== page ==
(b)Appeals process

A sanctioning organization shall not be entitled to receive any compensation, directly or indirectly, in connection with a Mixed Martial Arts match, until it provides the Mixed Martial Artists with notice that the sanctioning organization shall, within 7 days after receiving a request from a Mixed Martial Artist questioning that organization’s rating of the Mixed Martial Artist—

(1)

provide to the Mixed Martial Artist a written explanation of the organization’s criteria, its rating of the Mixed Martial Artist, and the rationale or basis for its rating (including a response to any specific questions submitted by the Mixed Martial Artist); and

(2)

submit a copy of its explanation to the Association of Boxing Commissions.

(c)Notification of change in rating

A sanctioning organization shall not be entitled to receive any compensation, directly or indirectly, in connection with a Mixed Martial Arts match, until, with respect to a change in the rating of a Mixed Martial Artist previously rated by such organization in the top 10 Mixed Martial Artists, the organization—

1)

posts a copy, within 7 days of such change, on its Internet website or home page, if any, including an explanation of such change, for a period of not less than 30 days; and

(2)

provides a copy of the rating change and explanation to an association to which at least a majority of the State athletic commissions belong.

(d)Public disclosure

(1)Federal Trade Commission filing

A sanctioning organization shall not be entitled to receive any compensation directly or indirectly in connection with a Mixed Martial Arts match unless, not later than January 31 of each year, it submits to the Federal Trade Commission and to the ABC—

(A)

a complete description of the organization’s ratings criteria, policies, and general sanctioning fee schedule;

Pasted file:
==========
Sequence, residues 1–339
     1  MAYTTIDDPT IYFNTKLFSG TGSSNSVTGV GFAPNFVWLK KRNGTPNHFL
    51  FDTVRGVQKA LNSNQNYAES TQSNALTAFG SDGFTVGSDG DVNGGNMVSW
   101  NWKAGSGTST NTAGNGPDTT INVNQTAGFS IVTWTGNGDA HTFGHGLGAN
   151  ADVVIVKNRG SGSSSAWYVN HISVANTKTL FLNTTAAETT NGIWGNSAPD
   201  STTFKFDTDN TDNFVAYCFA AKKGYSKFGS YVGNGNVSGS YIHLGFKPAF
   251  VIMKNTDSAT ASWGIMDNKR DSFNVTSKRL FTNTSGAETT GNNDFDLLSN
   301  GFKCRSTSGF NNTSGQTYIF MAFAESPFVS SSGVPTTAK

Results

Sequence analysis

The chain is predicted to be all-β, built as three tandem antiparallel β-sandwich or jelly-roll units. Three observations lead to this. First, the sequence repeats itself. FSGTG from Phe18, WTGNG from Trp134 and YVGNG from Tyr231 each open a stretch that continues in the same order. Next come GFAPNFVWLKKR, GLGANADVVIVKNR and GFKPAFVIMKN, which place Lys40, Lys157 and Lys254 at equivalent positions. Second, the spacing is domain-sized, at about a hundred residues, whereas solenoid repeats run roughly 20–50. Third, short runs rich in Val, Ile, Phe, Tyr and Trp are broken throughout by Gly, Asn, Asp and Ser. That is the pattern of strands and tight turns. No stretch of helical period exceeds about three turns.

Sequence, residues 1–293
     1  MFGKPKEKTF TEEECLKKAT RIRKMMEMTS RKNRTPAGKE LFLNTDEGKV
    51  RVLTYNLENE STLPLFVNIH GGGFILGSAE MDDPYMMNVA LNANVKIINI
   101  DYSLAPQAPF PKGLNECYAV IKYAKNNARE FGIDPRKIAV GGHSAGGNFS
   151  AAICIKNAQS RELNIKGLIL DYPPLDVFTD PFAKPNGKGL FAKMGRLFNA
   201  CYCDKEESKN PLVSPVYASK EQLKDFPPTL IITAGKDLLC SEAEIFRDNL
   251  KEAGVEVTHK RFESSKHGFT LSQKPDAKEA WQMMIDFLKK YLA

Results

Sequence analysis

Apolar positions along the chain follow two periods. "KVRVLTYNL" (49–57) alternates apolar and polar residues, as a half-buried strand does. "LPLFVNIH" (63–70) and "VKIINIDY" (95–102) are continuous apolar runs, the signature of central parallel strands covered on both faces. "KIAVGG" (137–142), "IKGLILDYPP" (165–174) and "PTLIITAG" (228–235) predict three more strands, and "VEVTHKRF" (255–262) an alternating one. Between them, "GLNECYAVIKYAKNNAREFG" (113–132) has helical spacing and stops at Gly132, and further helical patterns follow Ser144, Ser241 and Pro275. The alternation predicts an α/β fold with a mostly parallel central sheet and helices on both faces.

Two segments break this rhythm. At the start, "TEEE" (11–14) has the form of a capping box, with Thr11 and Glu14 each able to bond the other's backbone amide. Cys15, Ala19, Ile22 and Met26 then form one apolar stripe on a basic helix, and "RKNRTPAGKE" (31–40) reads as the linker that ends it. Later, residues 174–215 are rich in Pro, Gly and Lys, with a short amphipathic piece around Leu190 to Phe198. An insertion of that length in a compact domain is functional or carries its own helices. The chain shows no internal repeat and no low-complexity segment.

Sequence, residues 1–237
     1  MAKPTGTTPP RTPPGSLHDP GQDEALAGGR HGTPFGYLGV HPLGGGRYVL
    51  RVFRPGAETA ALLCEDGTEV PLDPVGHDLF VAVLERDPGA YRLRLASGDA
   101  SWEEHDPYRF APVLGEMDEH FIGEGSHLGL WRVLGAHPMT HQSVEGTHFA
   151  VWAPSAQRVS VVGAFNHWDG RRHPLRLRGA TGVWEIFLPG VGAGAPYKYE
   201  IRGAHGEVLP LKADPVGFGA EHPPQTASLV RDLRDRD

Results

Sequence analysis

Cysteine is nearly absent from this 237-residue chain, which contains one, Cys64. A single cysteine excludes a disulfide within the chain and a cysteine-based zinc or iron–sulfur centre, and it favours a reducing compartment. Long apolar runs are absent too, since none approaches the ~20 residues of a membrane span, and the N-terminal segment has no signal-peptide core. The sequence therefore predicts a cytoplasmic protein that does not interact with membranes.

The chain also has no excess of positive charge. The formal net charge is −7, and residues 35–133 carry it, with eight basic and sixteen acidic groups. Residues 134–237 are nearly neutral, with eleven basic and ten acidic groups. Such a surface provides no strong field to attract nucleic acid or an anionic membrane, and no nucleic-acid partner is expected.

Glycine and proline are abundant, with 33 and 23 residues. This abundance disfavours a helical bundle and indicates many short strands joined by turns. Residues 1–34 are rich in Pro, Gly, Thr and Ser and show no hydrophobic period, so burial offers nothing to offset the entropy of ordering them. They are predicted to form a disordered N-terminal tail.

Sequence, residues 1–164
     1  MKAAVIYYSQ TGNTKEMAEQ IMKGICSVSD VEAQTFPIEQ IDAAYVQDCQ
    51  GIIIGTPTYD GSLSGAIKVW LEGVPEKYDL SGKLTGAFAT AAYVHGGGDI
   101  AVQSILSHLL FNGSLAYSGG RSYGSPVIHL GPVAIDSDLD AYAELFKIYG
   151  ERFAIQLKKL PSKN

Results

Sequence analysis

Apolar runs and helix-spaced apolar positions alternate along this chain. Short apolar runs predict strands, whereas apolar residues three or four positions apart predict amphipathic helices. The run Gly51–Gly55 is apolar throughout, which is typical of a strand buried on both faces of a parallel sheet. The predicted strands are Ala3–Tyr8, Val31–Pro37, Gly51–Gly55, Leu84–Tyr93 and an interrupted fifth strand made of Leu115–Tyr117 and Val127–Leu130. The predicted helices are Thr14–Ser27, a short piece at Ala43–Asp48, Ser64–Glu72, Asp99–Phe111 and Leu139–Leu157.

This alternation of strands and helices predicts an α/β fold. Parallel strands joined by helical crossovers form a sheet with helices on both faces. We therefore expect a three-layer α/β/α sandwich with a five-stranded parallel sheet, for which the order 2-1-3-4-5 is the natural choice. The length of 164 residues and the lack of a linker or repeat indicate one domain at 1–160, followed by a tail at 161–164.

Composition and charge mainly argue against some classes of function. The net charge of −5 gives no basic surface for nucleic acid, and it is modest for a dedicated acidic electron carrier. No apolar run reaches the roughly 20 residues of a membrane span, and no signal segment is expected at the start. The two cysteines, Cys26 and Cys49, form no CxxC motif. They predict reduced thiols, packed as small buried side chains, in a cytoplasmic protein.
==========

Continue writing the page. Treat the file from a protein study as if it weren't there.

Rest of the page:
(B)

the bylaws of the organization;

(C)

the appeals procedure of the organization for a Mixed Martial Artist’s rating; and

(D)

a list and business address of the organization’s officials who vote on the ratings of Mixed Martial Artists.

(2)Format; updates

A sanctioning organization shall—

(A)

provide the information required under paragraph (1) in writing, and, for any document greater than 2 pages in length, also in electronic form; and

(B)

promptly notify the Federal Trade Commission of any material change in the information submitted.

(3)Federal Trade Commission to make information available to public

The Federal Trade Commission shall make information received under this subsection available to the public. The Commission may assess sanctioning organizations a fee to offset the costs it incurs in processing the information and making it available to the public.

(4)Internet alternative

In lieu of submitting the information required by paragraph (1) to the Federal Trade Commission, a sanctioning organization may provide the information to the public by maintaining a website on the Internet that—

(A)

is readily accessible by the general public using generally available search engines and does not require a password or payment of a fee for full access to all the information;

(B)